Chapter 7: A Pillar of Society
Our Great Great Grandfather James Cotterell Hoole was born in 1816 in England, and was four years old when the family emigrated on the Chapman to South Africa. He must have had a tough childhood, coping with all of the deprivations of the early colony as his parents and their neighbours struggled to build a new village (Cuylerville) in the wilderness while coping with the hostility of both the environment and the local Xhosa tribes.
When James was eleven, the family moved to Grahamstown, where things were less precarious, and as a teenager he helped his father with setting up and running various trading posts. In 1834, at the age of 18, he knew at least one local language well enough to act as an interpreter to the military forces operating beyond the Kei River in the Sixth Frontier War. In 1837 he and his brother Abel started a bakery business in Grahamstown, and for some years they ran a variety of storehouse businesses, also buying and selling cattle and sheep. No doubt the brothers received great help from their father -- and like him they suffered from fires, losses of livestock and occasional outbursts of tribal violence.
In 1838 James married Harriet Maria Rhodes -- the daughter of one of the other 1820 settler families who had come to South Africa from Hull. Seven children were born to this marriage, including Oliver Percival Porter Hoole -- the fifth child -- born in the year 1850. OPP, as he was called, was our Great-Grandfather. Harriet died in 1856 in Grahamstown, and after her death JC Hoole married twice again, first in 1857 and then again in 1868 (?).
James carried on with his trading businesses after 1840, building various stores and winning contracts for the provision of forage corn to the military. In 1845 he bought a farm called "Begelly" (which must have been built by a settler family from Pembrokeshire) and at that time he was involved in the local Wesleyan Church and also local politics. In 1846 he was again involved in the conflict between the colonists and the Xhosa tribes, acting as an interpreter once again when British troops were operating in hostile territory during the "War of the Axe".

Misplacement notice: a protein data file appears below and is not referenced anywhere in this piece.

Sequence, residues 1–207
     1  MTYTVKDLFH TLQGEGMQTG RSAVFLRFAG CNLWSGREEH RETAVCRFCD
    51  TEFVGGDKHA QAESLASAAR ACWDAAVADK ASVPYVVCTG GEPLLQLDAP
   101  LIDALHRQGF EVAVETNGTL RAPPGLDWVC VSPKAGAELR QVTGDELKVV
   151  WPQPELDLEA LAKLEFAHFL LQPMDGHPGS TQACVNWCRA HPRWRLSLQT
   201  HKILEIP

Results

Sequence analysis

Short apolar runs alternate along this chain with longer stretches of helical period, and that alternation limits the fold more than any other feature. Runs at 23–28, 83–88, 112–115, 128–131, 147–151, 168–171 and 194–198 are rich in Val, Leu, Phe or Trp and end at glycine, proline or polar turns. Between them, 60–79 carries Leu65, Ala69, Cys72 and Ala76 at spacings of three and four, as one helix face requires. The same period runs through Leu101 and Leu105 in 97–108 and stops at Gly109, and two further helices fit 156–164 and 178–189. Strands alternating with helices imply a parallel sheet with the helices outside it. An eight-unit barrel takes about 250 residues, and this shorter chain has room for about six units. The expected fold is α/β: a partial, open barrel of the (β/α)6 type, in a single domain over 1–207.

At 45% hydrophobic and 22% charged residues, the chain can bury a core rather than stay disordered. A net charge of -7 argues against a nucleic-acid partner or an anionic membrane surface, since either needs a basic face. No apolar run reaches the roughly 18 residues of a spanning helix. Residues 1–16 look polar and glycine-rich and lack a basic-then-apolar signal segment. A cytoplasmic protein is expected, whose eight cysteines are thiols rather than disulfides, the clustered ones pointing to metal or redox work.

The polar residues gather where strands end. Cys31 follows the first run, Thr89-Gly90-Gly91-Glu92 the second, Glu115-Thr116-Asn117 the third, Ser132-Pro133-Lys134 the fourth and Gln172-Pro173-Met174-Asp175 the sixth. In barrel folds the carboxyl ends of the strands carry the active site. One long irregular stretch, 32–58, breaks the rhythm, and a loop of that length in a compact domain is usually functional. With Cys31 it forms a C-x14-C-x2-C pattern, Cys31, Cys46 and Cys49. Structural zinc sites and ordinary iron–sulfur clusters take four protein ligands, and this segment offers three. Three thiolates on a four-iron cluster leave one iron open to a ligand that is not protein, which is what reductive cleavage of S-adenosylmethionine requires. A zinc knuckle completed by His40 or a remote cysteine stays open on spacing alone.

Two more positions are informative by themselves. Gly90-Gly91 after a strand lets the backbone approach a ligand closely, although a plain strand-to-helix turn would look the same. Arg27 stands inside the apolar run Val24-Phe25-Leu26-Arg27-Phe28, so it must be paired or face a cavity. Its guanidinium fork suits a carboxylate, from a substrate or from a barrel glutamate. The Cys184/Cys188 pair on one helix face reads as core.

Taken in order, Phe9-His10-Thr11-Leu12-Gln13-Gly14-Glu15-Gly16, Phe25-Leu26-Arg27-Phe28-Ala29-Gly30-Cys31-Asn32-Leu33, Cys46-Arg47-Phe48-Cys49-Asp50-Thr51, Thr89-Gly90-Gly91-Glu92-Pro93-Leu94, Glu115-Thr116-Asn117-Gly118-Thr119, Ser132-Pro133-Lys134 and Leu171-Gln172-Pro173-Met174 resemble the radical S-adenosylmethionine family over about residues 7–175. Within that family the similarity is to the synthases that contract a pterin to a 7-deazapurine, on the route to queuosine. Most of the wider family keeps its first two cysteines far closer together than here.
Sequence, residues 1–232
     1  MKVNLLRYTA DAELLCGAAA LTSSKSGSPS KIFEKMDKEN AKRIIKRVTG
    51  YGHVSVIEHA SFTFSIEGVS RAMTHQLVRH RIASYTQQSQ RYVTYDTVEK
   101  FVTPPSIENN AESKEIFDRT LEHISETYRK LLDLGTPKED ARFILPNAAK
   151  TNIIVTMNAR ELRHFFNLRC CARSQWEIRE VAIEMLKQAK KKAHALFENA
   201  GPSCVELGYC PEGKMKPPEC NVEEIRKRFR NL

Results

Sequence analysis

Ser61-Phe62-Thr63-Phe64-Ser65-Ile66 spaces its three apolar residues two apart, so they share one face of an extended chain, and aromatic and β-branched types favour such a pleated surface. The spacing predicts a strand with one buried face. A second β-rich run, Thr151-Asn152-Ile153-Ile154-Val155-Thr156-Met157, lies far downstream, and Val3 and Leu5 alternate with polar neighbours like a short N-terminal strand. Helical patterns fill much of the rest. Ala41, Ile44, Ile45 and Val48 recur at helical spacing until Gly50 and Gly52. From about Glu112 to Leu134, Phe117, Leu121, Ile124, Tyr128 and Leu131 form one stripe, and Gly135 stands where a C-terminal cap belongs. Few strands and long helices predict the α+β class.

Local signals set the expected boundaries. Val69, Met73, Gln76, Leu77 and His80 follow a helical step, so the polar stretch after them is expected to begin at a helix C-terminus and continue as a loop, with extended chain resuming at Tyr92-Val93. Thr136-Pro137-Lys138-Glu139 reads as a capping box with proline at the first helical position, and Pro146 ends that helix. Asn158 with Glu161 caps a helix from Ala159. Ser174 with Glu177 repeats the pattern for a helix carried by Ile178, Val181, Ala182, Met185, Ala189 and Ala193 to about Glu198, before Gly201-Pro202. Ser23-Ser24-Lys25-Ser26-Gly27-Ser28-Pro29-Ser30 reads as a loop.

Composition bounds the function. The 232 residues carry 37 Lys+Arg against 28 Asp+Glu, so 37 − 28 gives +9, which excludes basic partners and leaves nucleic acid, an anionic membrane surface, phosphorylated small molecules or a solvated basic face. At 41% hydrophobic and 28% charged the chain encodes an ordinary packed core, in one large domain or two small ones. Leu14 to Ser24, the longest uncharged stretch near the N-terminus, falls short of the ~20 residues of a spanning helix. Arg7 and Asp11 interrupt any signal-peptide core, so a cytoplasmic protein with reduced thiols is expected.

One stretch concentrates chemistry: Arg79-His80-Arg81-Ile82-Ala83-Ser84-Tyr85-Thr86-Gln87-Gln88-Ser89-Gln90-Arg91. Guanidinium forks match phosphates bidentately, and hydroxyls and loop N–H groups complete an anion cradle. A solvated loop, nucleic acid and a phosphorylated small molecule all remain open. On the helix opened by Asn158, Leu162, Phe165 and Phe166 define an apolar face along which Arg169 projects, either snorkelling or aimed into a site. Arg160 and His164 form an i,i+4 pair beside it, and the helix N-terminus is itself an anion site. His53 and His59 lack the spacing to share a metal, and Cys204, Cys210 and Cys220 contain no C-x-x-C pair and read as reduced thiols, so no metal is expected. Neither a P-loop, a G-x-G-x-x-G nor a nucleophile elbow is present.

At various times over the years he was a member of the Albany Divisional Council, Municipal Commissioner, town councillor, member of the Upper House of the Legislative Council and a justice of the peace. In later years, as a successful and relatively wealthy businessman he was a member of the Kowie Harbour Improvement Company. He died in 1878 in Grahamstown, and is buried in the town cemetery in the family vault, alongside his parents, two of his wives and various other family members.
James Cotterell Hoole was perhaps typical of the "next generation" of the 1820 settler families who knew all about deprivation and disaster and who managed to come through it all to establish a strong family -- underpinned by trading or merchant activities. Through his involvement in chapel and civic affairs he also seems to have become quite a pillar of society in the growing community of Grahamstown.
Another image of James Cotterell Hoole. Date unknown.
The two sons of the Settler, James and Abel, were prominent figures in the Sixth Frontier War (1835) serving in Col. (afterwards Sir Harry) Smith's Corps of Guides. Abel Hoole with his expert knowledge of the Xhosa language, was often used as an interpreter when negotiating terms with the Xhosa chiefs. These brothers also served in the Seventh Frontier War, 1846. In times of peace they were successful in a mercantile business in Grahamstown, with a branch at Whittlesea run by the younger brother Abel.
In 1866 the elder brother James Cotterell Hoole was one of those elected to represent the Eastern Districts in the Legislative Council. He held his seat until 1869, when the Council and the House of Assembly were dissolved. The following year however, he was re-elected and sat till the Responsible Government Bill was passed in 1872.
Shoot-out between British and Xhosa troops during the "War of the Axe" in 1846
The remnants of a very ancient photograph of James Cotterell Hoole in middle age -- a slim and good-looking man......
We think this is also James Cotterell Hoole when he was a good deal older. The hairline has receded, but the parting is on the left, and the nose is very sharp, so the identification may well be correct.
Gravestone above the Hoole family vault in the old Grahamstown cemetery. GG Grandpa James Cotterell Hoole is buried here.